The Forus General Assembly was organised in partnership with the national civil society platform BOCONGO and the regional coalition Southern African Council of Non-Governmental Organisations (SAf-CNGO) with support from the European Union and the Agence Francaise de Developpement.

“Our gathering was a wonderful opportunity to reiterate our resolve to continue our struggles against inequalities to make this world a better place to live where everyone enjoys rightful spaces and choices of life,” says Zia ur Rehman, Regional Coordinator of the Asia Development Alliance.

“Your current life is a result of your thought life,” says Moses Isooba, Executive Director of the Uganda National NGO Forum, highlighting the importance of spending time together to “exude deep conceptual clarity” of where the Forus network wants to go.

ANONG, the national civil society platform in Uruguay, highlighted the importance of civil society meeting across countries, for exchange and community-building. Transforming actions are born from these spaces of construction and reflection which represent an impulse to continue our work for the defense of human rights”.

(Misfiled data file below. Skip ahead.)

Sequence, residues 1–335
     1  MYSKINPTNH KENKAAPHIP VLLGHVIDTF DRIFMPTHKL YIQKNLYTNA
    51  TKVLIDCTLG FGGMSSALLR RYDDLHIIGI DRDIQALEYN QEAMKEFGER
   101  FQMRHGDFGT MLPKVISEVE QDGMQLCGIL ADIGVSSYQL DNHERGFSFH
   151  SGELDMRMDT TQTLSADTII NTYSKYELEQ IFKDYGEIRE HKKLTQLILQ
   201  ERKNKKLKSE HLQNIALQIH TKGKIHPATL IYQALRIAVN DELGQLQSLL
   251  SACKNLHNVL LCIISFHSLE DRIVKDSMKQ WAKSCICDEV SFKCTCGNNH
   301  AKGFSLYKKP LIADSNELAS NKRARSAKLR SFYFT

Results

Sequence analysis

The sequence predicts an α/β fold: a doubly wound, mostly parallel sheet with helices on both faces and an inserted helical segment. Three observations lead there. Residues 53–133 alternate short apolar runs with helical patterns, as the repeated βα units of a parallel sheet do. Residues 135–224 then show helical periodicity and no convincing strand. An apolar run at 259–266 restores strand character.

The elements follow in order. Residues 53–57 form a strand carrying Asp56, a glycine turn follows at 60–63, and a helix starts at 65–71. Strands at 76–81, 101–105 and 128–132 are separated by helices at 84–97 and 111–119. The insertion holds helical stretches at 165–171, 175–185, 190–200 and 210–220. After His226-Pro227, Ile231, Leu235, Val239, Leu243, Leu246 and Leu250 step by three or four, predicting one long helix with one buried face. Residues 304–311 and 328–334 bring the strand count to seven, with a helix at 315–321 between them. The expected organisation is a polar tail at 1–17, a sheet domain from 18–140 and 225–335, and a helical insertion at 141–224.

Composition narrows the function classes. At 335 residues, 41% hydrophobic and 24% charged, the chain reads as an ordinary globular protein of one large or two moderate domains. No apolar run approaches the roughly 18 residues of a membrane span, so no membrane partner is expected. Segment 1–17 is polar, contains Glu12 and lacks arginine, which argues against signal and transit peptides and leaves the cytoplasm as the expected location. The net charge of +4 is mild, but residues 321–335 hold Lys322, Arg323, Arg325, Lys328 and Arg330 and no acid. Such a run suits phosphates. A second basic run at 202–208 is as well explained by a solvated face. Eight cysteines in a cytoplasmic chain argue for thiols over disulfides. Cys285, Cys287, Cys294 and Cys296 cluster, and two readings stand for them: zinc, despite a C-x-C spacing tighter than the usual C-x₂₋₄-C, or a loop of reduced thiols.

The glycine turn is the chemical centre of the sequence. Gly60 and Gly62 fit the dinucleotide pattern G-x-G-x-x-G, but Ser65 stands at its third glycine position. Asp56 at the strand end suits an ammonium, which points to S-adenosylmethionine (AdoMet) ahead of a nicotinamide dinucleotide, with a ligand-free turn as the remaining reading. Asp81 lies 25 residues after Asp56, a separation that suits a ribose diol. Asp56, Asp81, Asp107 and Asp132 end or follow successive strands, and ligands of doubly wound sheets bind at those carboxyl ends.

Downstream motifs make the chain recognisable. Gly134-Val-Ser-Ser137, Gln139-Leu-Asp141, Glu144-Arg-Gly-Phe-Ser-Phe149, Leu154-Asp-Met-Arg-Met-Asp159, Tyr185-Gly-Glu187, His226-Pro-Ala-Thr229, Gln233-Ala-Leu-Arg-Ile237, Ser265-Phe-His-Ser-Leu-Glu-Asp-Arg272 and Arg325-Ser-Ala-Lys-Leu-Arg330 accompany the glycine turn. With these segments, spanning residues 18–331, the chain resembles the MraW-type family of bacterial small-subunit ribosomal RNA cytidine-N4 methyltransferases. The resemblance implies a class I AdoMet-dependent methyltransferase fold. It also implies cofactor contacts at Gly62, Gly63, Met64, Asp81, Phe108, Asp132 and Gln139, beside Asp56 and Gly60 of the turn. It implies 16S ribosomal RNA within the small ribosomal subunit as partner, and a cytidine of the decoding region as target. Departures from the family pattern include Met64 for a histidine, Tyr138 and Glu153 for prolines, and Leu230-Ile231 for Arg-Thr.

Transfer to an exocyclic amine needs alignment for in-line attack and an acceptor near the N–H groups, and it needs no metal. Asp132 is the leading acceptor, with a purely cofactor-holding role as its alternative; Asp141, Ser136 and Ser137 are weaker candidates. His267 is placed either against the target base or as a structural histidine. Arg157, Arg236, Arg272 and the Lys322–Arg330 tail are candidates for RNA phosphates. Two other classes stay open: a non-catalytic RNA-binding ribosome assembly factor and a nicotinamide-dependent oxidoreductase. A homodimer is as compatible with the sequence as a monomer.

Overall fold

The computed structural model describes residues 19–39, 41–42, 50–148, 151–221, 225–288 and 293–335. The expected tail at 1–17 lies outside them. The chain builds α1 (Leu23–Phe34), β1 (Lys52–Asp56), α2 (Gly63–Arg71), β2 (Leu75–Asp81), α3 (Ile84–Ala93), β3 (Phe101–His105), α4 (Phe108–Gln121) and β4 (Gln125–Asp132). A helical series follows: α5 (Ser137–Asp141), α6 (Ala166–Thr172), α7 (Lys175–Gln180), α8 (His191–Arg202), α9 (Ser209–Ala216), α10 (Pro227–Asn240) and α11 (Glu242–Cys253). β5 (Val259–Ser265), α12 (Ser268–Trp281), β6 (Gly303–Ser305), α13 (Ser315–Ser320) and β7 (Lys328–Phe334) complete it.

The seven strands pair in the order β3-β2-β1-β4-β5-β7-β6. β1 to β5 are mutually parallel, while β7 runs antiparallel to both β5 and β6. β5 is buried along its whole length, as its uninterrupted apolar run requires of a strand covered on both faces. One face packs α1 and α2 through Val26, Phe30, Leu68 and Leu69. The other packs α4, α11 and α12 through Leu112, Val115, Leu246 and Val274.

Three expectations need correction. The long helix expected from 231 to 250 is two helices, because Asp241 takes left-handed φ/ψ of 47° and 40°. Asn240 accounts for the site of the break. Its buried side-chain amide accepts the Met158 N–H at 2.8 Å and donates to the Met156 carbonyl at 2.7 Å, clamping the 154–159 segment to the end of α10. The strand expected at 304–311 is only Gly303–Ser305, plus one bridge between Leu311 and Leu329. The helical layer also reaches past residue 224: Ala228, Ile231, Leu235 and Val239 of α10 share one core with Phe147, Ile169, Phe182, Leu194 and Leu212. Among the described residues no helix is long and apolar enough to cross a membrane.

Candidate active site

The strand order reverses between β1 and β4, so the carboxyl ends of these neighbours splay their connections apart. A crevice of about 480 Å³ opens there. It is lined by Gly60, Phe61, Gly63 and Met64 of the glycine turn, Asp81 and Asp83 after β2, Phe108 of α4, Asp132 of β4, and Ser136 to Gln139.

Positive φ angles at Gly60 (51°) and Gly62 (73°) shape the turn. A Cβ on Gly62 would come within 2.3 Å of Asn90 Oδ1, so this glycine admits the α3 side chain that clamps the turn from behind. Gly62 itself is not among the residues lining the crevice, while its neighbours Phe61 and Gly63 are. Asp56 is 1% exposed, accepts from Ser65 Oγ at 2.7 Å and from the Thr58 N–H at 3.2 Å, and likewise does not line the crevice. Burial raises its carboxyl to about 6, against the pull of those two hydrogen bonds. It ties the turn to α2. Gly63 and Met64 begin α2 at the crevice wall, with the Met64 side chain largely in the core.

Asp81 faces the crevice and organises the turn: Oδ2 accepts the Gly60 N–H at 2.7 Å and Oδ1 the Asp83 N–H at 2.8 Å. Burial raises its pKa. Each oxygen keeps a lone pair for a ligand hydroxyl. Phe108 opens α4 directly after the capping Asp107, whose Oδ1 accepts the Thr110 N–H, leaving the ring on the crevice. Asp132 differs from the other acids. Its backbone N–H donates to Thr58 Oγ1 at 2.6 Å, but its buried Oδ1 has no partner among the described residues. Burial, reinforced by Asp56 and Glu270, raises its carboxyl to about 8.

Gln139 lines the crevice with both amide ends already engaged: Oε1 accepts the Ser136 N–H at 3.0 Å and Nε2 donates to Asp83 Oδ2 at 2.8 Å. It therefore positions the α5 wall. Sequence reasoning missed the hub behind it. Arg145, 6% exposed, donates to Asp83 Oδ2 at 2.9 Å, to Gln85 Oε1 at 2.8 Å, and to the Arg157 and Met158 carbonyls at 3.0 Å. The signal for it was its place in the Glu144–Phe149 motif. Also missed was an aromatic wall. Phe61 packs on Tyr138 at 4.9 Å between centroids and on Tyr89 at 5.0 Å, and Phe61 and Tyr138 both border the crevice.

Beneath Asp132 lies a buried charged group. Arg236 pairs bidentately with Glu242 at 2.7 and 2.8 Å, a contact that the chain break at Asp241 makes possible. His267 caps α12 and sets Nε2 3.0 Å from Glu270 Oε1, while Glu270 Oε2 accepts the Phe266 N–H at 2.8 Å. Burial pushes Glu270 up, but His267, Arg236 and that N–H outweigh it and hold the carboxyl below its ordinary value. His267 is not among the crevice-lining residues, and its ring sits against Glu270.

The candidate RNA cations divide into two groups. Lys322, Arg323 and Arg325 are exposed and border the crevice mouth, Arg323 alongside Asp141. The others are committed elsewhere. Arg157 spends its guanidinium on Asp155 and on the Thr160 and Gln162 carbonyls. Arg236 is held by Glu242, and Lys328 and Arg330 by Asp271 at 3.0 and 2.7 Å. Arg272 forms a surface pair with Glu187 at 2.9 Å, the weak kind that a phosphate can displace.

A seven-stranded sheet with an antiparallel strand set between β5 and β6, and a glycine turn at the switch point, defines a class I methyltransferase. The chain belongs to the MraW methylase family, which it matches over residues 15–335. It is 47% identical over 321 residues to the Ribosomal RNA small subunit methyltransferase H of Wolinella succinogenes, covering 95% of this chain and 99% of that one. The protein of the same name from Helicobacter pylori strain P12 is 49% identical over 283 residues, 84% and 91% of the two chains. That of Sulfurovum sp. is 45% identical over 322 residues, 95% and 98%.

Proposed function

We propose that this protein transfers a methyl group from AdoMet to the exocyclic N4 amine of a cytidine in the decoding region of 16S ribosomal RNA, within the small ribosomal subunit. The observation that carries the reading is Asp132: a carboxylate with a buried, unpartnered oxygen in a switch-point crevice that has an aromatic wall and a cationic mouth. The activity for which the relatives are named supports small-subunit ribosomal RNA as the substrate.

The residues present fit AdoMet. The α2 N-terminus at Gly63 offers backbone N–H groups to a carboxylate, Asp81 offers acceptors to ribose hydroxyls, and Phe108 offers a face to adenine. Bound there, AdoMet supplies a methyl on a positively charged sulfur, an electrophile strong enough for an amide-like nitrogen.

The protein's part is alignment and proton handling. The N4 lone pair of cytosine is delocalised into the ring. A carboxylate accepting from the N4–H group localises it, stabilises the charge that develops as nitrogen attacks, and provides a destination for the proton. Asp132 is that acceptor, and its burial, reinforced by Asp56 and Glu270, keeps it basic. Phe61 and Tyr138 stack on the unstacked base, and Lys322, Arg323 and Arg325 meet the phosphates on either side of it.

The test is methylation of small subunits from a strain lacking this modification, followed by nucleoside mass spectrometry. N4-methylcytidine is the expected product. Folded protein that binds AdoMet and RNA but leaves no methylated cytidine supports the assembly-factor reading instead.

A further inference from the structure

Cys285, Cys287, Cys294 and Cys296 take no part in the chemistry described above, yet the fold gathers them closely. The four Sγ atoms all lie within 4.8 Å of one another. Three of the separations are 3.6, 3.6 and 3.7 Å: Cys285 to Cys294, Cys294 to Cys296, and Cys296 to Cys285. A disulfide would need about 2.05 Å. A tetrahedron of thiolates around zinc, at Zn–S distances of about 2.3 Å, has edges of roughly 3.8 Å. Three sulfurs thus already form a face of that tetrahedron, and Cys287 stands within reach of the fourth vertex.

Monametsi Sokwe from the Southern African Council of Non-Governmental Organisations, concluded by highlighting the importance of continuing to innovate to address emerging challenges, fighting for sustainable development, and creating a resilient and inclusive society.

“Civil society organisations are essential throughout the world, providing humanitarian aid, supporting community resilience, fighting for human rights, justice, equity, democracy and peace. They fight for the creation and animation of spaces where we can all learn from each other, and even from our differences, to act for the collective well-being. Such spaces are precious, and dialogue is crucial to making progress. Together, we can overcome the challenges of our time, by opening to the rich diversity that the world has to offer, while respecting our values. This will help us to find new solutions to the aspirations of our peoples and to safeguard our planet,” said civil society leader Mavalow Christelle Kalhoule, Forus Chair and President of SPONG, the Burkina Faso NGO network.

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Sarah Strack is Forus Director

By Andrew Firmin
Credit: Robert Atanasovski/AFP via Getty Images